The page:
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Y chromosome

About: Y chromosome is a research topic. Over the lifetime, 7056 publications have been published within this topic receiving 281678 citations. The topic is also known as: GO:0000806 & chrY.


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Journal ArticleDOI
TL;DR: The use of fluorescence in situ hybridization for chromosome classification and detection of chromosome aberrations is described and chromosomes in human-hamster hybrid cell lines were intensely and uniformly stained in metaphase spreads and interphase nuclei when human genomic DNA was used as a probe.
Abstract: This report describes the use of fluorescence in situ hybridization for chromosome classification and detection of chromosome aberrations. Biotin-labeled DNA was hybridized to target chromosomes and subsequently rendered fluorescent by successive treatments with fluorescein-labeled avidin and biotinylated anti-avidin antibody. Human chromosomes in human-hamster hybrid cell lines were intensely and uniformly stained in metaphase spreads and interphase nuclei when human genomic DNA was used as a probe. Interspecies translocations were detected easily at metaphase. The human-specific fluorescence intensity from cell nuclei and chromosomes was proportional to the amount of target human DNA. Human Y chromosomes were fluorescently stained in metaphase and interphase nuclei by using a 0.8-kilobase DNA probe specific for the Y chromosome. Cells from males were 40 times brighter than those from females. Both Y chromosomal domains were visible in most interphase nuclei of XYY amniocytes. Human 28S ribosomal RNA genes on metaphase chromosomes were distinctly stained by using a 1.5-kilobase DNA probe.

3,191 citations

Journal ArticleDOI
19 Jul 1990-Nature
TL;DR: A search of a 35-kilobase region of the human Y chromosome necessary for male sex determination has resulted in the identification of a new gene, termed SRY (for sex-determining region Y) and proposed to be a candidate for the elusive testis-d determining gene, TDF.
Abstract: A search of a 35-kilobase region of the human Y chromosome necessary for male sex determination has resulted in the identification of a new gene. This gene is conserved and Y-specific among a wide range of mammals, and encodes a testis-specific transcript. It shares homology with the mating-type protein, Mc, from the fission yeast Schizosaccharomyces pombe and a conserved DNA-binding motif present in the nuclear high-mobility-group proteins HMG1 and HMG2. This gene has been termed SRY (for sex-determining region Y) and proposed to be a candidate for the elusive testis-determining gene, TDF.

3,019 citations

Journal ArticleDOI
09 May 1991-Nature
TL;DR: It is shown that Sry on a 14-kilobase genomic DNA fragment is sufficient to induce testis differentiation and subsequent male development when introduced into chromosomally female mouse embryos.
Abstract: The initiation of male development in mammals requires one or more genes on the Y chromosome. A recently isolated gene, termed SRY in humans and Sry in mouse, has many of the genetic and biological properties expected of a Y-located testis-determining gene. It is now shown that Sry on a 14-kilobase genomic DNA fragment is sufficient to induce testis differentiation and subsequent male development when introduced into chromosomally female mouse embryos.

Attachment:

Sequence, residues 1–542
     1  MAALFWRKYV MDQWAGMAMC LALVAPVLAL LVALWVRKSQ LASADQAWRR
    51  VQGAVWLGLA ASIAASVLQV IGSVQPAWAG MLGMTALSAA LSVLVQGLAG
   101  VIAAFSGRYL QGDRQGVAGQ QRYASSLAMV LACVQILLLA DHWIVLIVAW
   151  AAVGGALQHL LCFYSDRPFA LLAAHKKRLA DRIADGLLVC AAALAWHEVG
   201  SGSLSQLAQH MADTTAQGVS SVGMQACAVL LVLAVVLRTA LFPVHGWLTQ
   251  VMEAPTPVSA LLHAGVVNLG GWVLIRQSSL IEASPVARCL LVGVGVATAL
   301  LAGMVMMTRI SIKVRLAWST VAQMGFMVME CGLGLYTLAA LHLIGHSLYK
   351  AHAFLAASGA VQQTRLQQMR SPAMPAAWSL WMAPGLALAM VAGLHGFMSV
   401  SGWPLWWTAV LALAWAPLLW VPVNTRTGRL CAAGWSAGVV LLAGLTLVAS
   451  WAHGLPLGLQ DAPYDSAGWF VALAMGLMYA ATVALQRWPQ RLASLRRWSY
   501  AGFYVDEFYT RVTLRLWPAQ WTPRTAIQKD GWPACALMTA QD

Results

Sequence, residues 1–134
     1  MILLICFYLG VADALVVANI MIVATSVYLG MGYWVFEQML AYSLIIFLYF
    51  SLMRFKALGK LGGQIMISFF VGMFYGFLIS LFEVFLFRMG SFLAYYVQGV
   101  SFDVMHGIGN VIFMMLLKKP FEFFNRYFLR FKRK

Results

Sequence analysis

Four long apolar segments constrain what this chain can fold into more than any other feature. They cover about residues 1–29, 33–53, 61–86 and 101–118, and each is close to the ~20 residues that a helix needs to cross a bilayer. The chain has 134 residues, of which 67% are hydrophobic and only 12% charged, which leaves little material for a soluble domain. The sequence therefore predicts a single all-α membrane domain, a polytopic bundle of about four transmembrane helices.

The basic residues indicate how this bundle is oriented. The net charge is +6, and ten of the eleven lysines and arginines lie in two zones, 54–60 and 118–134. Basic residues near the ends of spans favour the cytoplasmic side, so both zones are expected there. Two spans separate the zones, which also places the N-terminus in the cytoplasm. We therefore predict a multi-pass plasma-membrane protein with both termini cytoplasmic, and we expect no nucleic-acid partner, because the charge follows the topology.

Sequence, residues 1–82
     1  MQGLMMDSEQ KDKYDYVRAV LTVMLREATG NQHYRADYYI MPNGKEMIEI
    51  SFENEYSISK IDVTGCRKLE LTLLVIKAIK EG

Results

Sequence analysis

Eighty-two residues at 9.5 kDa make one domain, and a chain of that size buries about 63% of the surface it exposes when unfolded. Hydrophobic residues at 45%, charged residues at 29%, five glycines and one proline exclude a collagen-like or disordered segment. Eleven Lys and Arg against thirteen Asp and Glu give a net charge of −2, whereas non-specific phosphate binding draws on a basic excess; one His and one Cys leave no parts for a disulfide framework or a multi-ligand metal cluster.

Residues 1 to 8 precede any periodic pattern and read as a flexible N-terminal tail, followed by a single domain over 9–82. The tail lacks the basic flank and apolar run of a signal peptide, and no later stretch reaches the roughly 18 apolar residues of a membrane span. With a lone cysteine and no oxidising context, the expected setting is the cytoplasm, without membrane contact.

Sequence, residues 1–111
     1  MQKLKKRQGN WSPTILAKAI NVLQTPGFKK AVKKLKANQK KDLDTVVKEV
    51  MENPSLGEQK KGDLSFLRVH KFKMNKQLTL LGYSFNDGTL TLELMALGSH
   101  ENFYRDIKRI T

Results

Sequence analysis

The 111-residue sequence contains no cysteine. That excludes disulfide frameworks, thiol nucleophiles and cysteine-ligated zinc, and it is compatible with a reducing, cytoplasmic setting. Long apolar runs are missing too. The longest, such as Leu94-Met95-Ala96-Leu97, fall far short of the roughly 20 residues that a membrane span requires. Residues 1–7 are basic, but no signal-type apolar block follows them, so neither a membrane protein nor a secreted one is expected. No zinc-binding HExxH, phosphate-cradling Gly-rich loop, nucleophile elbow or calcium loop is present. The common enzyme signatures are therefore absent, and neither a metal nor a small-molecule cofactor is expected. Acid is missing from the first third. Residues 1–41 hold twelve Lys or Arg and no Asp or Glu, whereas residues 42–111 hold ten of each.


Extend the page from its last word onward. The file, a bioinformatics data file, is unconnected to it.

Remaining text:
2,070 citations

Journal ArticleDOI
19 Jun 2003-Nature
TL;DR: The male-specific region of the Y chromosome, the MSY, differentiates the sexes and comprises 95% of the chromosome's length, and is a mosaic of heterochromatic sequences and three classes of euchromatics sequences: X-transposed, X-degenerate and ampliconic.
Abstract: The male-specific region of the Y chromosome, the MSY, differentiates the sexes and comprises 95% of the chromosome's length. Here, we report that the MSY is a mosaic of heterochromatic sequences and three classes of euchromatic sequences: X-transposed, X-degenerate and ampliconic. These classes contain all 156 known transcription units, which include 78 protein-coding genes that collectively encode 27 distinct proteins. The X-transposed sequences exhibit 99% identity to the X chromosome. The X-degenerate sequences are remnants of ancient autosomes from which the modern X and Y chromosomes evolved. The ampliconic class includes large regions (about 30% of the MSY euchromatin) where sequence pairs show greater than 99.9% identity, which is maintained by frequent gene conversion (non-reciprocal transfer). The most prominent features here are eight massive palindromes, at least six of which contain testis genes.

2,022 citations

Journal ArticleDOI
19 Jul 1990-Nature
TL;DR: A gene mapping to the sex-determining region of the mouse Y chromosome is deleted in a line of XY female mice mutant for Tdy, and is expressed at a stage during male gonadal development consistent with its having a role in testis determination.
Abstract: A gene mapping to the sex-determining region of the mouse Y chromosome is deleted in a line of XY female mice mutant for Tdy, and is expressed at a stage during male gonadal development consistent with its having a role in testis determination. This gene is a member of a new family of at least five mouse genes, related by an amino-acid motif showing homology to other known or putative DNA-binding domains.

1,604 citations


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Performance
Metrics
No. of papers in the topic in previous years
YearPapers
202340
2022130
2021135
2020153
2019163
2018145